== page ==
These meme stocks are often a component of an overall strategy for investing, which is usually tied to cryptocurrency prospecting. This type of investment is preferred by people who accept market volatility and high risk. Conor Davis is 32 years old and used to instruct freestyle skiers in Idaho every winter for seven year. Now, he spends his days snowmobiling, keeping his wood-heated hot tub at the perfect temperature for his evening dips—and checking his crypto accounts. Davis almost paid off the loans on his log cabin, which he built in quiet wooded valley in Stanley, ID. It’s not that Davis didn’t enjoy coaching; it’s just that he doesn’t need to do it anymore, thanks to his investments that have paid off more than enough for him to sideline his normal career. “I went from a skiing coach where I’m literally paycheck to paycheck to now it’s like, Okay, I have my year’s salary in the bank,” he says. “Investing in general has allowed me not to be scared.”
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Davis watched Reddit GME unfold from his Stanley cabin last winter. He then spent a few thousand dollars at GameStop, AMC and sold his shares in less than a week. “I probably doubled my money or something,” he says. Dogecoin was his other meme play at that point. It is a cryptocurrency coin named after the dog-eyed, grammar-impaired shiba Inu that it mascot. “There was a day when Doge went from, like—I remember buying it at two cents and it went to like, 17 cents that day,” he says. “That was one of my favorite decisions.” (Dogecoin was at $0.0041 on January 1, 2021; It hit an all-time highAmount of $0.50 for May 2021 Davis was acquired in February. He has since diversified into more traditional dividend stocks, like Chevron—“We’re not going to run out of the need for gas anytime soon,” he says with a shrug—but over 90% of his portfolio is mostly in Ethereum and Bitcoin, the meme investments a distant memory.
Still, this year’s ups and downs in crypto particularly have been difficult to manage. “I’m trying not to even look at my apps. When I look at it, it’s like, a feeling of despair,” he says. “But even though I’m down 20 grand right now, I’m still up from where I was at this time last year, right?”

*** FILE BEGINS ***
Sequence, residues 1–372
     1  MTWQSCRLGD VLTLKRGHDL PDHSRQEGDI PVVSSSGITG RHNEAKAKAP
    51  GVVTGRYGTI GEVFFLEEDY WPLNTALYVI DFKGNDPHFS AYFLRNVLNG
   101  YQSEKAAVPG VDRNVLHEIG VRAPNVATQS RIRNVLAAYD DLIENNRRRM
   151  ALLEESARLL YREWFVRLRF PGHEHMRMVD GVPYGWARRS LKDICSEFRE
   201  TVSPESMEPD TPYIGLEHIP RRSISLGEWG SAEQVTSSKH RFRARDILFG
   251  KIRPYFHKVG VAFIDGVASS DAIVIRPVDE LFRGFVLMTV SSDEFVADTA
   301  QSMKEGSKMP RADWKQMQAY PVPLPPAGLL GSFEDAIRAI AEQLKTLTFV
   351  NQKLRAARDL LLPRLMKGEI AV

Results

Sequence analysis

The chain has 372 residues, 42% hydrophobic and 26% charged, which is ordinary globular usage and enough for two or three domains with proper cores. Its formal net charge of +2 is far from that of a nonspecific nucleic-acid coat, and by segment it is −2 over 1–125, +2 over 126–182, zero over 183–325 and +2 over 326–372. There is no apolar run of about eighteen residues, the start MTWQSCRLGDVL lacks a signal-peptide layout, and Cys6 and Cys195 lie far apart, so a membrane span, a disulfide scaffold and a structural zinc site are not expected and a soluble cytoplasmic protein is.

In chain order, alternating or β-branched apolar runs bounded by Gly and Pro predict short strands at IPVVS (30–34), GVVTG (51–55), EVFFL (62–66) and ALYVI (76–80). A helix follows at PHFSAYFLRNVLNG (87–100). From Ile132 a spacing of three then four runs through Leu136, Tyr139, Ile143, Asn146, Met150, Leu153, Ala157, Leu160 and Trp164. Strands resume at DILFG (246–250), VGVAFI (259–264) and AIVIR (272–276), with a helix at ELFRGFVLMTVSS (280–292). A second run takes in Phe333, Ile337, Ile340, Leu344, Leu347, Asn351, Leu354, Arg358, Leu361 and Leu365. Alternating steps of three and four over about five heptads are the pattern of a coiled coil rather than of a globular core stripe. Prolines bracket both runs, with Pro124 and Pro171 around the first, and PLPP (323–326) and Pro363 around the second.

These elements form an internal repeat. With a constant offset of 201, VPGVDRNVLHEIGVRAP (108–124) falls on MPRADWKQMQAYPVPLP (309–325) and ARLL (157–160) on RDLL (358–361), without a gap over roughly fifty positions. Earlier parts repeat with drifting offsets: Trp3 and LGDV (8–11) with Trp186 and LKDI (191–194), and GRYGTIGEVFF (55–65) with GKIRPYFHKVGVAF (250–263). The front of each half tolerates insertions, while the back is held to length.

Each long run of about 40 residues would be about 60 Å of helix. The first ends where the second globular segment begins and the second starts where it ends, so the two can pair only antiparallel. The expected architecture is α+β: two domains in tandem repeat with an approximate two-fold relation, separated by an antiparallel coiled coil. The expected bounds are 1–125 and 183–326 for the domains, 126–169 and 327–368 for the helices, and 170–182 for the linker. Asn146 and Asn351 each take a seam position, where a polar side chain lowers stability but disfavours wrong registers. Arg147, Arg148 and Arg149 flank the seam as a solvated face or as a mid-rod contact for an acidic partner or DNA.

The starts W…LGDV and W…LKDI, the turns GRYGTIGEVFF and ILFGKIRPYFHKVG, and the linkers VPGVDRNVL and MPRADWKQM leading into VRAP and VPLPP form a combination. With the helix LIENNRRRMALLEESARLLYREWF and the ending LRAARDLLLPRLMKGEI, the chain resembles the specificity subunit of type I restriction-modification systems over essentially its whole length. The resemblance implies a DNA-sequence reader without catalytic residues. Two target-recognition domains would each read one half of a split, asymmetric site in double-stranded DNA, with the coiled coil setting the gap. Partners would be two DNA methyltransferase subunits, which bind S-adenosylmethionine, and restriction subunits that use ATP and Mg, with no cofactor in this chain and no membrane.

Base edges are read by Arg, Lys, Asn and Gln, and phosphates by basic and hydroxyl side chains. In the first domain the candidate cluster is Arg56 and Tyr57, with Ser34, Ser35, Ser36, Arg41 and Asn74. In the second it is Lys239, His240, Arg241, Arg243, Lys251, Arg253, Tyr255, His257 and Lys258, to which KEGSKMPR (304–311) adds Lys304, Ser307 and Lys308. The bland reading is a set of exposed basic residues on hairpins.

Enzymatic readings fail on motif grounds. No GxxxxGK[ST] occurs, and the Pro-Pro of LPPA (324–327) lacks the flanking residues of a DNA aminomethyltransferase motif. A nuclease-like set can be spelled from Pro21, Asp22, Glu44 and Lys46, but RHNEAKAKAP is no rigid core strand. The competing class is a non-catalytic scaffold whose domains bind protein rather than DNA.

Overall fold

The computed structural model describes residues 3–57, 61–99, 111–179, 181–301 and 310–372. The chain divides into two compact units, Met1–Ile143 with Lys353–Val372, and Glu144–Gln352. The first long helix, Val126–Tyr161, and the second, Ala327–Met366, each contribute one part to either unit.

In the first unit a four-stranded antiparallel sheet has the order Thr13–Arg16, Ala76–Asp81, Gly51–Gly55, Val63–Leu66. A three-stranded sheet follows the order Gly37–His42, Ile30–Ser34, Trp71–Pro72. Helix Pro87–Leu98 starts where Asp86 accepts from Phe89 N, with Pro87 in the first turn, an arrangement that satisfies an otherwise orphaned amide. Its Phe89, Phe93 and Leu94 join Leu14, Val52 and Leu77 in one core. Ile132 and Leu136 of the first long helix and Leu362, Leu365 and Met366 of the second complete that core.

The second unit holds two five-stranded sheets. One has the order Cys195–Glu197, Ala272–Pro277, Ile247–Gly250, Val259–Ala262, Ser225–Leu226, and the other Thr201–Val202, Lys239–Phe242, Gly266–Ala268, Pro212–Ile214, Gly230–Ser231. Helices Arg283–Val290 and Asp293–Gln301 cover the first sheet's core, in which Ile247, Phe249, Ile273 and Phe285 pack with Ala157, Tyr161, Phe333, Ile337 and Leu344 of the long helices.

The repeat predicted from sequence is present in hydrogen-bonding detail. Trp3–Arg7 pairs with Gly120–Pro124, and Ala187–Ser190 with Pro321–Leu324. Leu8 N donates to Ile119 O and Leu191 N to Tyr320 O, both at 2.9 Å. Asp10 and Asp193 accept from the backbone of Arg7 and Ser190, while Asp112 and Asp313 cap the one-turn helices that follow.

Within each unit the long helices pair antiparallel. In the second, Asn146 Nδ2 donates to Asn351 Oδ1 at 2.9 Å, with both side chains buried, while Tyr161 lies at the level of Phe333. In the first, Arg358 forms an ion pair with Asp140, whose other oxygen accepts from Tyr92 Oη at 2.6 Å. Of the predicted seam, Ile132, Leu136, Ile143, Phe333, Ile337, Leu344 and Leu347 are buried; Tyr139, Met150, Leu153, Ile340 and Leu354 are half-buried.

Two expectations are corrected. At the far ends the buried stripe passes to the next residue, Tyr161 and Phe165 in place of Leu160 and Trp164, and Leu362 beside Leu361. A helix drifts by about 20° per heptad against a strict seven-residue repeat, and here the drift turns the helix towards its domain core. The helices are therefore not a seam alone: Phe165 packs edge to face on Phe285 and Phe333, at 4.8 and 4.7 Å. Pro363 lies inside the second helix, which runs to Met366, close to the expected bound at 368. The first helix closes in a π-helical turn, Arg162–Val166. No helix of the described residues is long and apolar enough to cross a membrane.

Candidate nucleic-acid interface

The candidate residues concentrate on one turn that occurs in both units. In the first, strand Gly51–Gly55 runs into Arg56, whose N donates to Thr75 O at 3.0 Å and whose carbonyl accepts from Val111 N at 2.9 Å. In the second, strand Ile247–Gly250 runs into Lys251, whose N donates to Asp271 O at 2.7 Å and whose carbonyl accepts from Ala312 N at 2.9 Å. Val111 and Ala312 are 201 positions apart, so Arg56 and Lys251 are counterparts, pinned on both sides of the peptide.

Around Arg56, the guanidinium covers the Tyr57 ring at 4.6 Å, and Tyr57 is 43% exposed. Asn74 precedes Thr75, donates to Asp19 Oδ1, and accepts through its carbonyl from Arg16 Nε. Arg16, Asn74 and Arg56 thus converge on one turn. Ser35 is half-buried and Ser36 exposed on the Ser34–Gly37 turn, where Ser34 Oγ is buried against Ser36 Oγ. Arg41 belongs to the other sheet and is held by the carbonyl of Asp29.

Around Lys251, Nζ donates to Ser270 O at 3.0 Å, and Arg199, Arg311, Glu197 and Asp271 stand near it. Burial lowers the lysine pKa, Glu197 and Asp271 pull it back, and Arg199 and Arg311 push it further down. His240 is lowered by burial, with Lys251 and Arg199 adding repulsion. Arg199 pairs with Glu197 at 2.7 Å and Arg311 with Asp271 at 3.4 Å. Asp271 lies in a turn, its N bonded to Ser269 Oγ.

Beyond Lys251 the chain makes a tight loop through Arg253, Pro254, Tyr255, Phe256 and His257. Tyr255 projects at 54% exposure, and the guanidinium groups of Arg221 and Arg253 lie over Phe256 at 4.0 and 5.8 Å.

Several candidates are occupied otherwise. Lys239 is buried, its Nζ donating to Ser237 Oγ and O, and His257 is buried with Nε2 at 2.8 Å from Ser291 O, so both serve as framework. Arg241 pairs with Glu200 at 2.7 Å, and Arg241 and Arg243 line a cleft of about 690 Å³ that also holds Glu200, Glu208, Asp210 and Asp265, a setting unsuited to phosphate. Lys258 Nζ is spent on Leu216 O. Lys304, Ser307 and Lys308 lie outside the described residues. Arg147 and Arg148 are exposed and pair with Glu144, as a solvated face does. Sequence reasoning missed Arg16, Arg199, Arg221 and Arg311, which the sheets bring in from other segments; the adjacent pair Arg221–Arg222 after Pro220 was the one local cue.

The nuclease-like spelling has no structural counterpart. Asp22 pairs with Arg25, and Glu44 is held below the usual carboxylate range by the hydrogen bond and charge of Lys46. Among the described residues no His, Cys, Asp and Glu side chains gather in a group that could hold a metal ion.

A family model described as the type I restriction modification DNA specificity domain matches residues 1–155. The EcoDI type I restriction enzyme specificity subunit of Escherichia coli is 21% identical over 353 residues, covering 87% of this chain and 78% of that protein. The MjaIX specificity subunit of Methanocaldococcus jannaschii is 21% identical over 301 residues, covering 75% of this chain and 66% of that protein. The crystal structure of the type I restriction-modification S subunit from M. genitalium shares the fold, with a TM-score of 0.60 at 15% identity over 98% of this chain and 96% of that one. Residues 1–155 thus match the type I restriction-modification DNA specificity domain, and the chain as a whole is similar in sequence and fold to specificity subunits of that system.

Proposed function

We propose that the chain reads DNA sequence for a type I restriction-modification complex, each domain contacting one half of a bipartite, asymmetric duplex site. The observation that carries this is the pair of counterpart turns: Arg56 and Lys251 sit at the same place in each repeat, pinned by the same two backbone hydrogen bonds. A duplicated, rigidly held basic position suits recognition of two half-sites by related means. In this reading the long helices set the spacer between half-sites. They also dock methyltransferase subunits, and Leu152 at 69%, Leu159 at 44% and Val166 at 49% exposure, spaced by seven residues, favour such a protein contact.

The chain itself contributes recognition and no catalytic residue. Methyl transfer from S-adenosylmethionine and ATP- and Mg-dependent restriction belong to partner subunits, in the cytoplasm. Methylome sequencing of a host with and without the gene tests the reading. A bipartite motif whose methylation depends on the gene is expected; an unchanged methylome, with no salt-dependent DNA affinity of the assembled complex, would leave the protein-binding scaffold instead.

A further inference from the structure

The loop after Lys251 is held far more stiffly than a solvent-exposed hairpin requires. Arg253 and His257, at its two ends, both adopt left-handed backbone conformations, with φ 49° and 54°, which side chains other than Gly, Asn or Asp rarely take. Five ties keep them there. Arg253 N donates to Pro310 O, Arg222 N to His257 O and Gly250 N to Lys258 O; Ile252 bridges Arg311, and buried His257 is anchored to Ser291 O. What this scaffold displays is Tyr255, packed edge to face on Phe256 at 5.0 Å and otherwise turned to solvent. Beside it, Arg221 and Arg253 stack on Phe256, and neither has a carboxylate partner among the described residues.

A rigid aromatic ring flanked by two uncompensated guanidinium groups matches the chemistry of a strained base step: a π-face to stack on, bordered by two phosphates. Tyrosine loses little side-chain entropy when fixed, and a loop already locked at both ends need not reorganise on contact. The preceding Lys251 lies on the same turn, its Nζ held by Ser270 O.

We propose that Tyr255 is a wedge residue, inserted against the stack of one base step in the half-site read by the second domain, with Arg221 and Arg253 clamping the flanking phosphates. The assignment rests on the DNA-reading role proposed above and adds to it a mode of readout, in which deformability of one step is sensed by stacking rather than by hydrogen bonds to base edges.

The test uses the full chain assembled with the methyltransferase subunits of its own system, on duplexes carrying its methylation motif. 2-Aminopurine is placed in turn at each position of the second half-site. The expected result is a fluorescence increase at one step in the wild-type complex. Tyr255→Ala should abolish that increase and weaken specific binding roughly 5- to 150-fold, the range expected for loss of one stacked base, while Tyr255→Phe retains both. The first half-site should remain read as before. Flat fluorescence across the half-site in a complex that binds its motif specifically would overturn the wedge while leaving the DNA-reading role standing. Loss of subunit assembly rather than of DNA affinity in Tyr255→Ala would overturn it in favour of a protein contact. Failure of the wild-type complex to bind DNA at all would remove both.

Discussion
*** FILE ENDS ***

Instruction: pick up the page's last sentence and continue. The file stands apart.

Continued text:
A year on, there is one constant for all of these meme stock investors: they’ve kept playing the game, even if their approaches have evolved beyond taking advice from WallStreetBets and social media. Renee Russo was co-founder at a startup that uses blockchain technology. Glow Labs, looks at her experience with GME and AMC as “life-changing”—not for financial reasons, but because of the community she became exposed to. “I didn’t really care about the money,” she says. “I felt for the first time in a long time that I was part of something.” (She was successful, however, and made 500% returns on her GME and AMC buys.) She still holds some AMC shares: “People think I’m crazy, but it’s [for] that feeling of community.” Her company Glow Labs recently transitioned to becoming a web3-focused business, and Russo partially credits her time spent on Reddit and Discord during the meme stock rollercoaster as the reason she feels confident moving into this developing space.
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Like Tirone, Nathanson, and Davis, she doesn’t see the 2021 meme stock experience as a pattern that will repeat itself in quite the same way; that ship, with what Davis called a “perfect storm” moment, has sailed. Secondary meme stocks, like Tesla, Robinhood, BlackBerry, Bed Bath & Beyond, and Clover Health, found subsequent moments of glory—but have mostly settled back to pre-hype lows, and WallStreetBets today is rife with conversation about blue-chip stocks like Meta (formerly called Facebook), Costco, and Palantir instead of underdogs like AMC. The next big thing is already here, though, and it’s probably crypto-based. “This cycle is happening still, just in different forms,” Russo says. “If you look at the way people trade NFTs and are molding our community, it is around the same type of morale that the AMC and the GME holders had.”
GameStop even LaunchingA platform for NFTs in this year.